While there might be a shortage of toilet paper in Venezuela (we’ll save that for another day), there certainly isn’t a shortage of people wondering about why it’s important to have trust with your customers.
I suppose the same question could be asked of coworkers, friends, or even spouses, but the answer to those situations seems a bit more obvious.
But while those relationships require much more reciprocity in their trust, the trust factor in your relationships with your customers is much more one-sided.
In other words, there’s one person that needs to worry about trust.
Trust in Customer Relationships Comes from the Company Side
With every transaction you perform, every new lead that comes in, you are trusting that the customer will have the money to pay, and you hope their interest will be with you and that they will buy from you.
But your level of trust in them is infinitely less important than what you need to do in order for them to put their trust in you.
Because if a potential customer or simple browser doesn’t trust you, they’ll be running from you like a jackrabbit in a bath of red hot magma.
Trust is a commodity, but it shouldn’t be taken lightly and it shouldn’t be treated like money.
The more you have, the better you are, and you never ever want to go into trust debt.
Trust is Positive or Negative, Never Neutral
There’s no middle ground when it comes to trust. Either you are trustworthy or you aren’t.
Even when someone is just starting to look for where to buy, they gauge their options based on their previous experiences and go from there.
If you offered them a good experience, they are more than likely to choose you over someone they don’t know and haven’t built trust with.
But, if you’ve offered a bad experience, you’re already in trust debt and that outweighs any unknown that customer has with another company.
Build Trust Over Time
Nobody likes sitting on a chair only to find that it had 3 legs, or all 4 legs were about to fall off.
One, even in the slightest possible way, will examine a chair before sitting down to inspect it’s sturdiness.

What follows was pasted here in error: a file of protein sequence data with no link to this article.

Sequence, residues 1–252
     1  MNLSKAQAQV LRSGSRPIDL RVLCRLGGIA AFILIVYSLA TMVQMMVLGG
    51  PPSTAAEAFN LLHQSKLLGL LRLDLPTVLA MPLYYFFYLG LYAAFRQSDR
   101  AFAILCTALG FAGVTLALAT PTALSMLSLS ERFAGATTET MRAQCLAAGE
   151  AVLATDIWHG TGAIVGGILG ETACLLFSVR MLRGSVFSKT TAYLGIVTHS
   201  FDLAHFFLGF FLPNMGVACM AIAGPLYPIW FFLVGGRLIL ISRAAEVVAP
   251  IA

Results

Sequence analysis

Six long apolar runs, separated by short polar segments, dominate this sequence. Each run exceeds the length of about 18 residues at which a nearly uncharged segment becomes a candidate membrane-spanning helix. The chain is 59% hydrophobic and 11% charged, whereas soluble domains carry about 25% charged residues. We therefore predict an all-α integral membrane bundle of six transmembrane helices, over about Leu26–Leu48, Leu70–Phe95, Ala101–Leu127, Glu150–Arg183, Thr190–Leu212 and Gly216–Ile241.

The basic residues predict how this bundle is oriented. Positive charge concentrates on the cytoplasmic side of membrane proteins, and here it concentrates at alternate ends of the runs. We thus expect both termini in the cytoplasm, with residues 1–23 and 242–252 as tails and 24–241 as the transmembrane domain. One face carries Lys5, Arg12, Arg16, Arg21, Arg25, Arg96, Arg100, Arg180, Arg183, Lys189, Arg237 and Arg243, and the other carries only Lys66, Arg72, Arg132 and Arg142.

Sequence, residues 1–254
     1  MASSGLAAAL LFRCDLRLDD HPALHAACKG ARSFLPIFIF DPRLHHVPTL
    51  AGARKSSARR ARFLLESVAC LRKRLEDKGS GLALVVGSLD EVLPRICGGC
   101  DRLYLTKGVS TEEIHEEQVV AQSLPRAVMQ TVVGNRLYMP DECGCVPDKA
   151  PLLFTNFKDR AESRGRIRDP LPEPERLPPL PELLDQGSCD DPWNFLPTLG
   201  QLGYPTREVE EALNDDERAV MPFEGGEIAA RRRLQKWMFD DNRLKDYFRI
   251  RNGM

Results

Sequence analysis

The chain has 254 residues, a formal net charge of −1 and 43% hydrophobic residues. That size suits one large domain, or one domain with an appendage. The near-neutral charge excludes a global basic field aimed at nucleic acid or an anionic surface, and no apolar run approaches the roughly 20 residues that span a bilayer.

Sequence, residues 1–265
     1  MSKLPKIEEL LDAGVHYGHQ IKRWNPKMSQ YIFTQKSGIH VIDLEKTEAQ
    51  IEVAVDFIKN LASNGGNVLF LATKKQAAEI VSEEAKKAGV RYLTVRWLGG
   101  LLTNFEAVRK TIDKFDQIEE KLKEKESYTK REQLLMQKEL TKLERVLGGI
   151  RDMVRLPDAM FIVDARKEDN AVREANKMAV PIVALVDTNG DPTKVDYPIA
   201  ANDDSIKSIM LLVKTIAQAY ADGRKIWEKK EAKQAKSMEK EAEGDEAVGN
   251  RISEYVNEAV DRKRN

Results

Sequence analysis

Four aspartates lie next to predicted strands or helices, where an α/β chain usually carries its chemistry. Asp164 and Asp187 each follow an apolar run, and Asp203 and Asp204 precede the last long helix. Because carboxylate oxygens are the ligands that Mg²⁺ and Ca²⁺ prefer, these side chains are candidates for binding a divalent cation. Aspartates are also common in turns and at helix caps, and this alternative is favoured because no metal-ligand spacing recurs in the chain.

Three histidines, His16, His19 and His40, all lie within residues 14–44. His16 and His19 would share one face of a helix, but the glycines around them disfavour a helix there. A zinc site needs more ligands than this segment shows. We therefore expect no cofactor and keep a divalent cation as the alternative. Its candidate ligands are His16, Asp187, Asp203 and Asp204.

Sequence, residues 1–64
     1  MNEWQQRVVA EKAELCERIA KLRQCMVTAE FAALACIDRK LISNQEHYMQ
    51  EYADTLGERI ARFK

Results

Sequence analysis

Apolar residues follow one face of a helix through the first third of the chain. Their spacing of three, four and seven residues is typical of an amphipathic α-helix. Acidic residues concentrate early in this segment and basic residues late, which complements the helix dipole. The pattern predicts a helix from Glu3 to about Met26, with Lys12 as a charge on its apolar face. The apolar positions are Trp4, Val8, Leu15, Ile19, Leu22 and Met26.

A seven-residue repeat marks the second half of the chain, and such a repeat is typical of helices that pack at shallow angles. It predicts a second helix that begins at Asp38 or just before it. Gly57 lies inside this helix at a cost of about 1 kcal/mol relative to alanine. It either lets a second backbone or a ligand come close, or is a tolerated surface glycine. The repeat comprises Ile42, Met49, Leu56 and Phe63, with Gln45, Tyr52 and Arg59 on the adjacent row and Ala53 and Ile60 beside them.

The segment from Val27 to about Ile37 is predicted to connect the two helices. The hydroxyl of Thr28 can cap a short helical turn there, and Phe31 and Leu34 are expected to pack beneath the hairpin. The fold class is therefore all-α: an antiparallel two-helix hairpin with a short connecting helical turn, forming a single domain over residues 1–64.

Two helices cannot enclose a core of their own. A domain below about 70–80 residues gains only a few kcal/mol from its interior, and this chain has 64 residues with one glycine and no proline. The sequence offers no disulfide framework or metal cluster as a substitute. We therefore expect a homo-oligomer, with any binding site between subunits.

It’s a physical manifestation of the trust you can build in order to sit down without fear.
Just as a well-built, antique wooden chair gives you confidence that it’s O.K. to sit down, you should build confidence through many years of honest, hard work.
How to Build Trust with Customers
There are plenty of ways to build positive trust with your customers and potential buyers, here are a few ways to get started:
1. Be Honest. This one is a given, but it never hurts to repeat it. Don’t ever lie, don’t ever cheat, and don’t ever hide anything from your customers. It won’t turn out well for you.
2. Get Listed. Find out where your potential customers go to find new places to buy from. Whether it be Yelp, Google Local, or Angie’s List, you need to be there with a complete listing and good reviews. If they find you here, you’re already high up on their list.
3. Ask for Reviews. Customers are increasingly flocking to social proof to tell them what’s good. You need good reviews to exude confidence, so do good work and ask your customers to provide reviews for you on the places you found in #2.
4. Be Transparent. Keep your curtains open, your windows down, and your doors unlocked and open to greet new customers. Don’t hide anything from them and make them feel at home.
5. Be a Consultant. Don’t just sell; that tells people you’re only interested in them for the money. Make them feel like you’re their personal assistant who’s there to make sure they have everything they need to feel welcome and taken care of. Answer their questions, recommend them the best option (not the one that most benefits you), and get them the help they need.
6. Be Communicative. Don’t skip out on one of the greatest relationship builders to have ever existed: social media. Get on social and communicate. Be open on email and phone channels and stay in touch with your customers without overloading them.
Make Trust Building Your #1 Goal
So, why is it important to have trust with your customers? It’s the main driver that puts them over the edge to even be interested in you. It’s what gives them the confidence to pull their wallet out.
There is so much you can do to build positive trust with your customers, but almost everything will come naturally as you actively strive to simply be a trustworthy organization and team.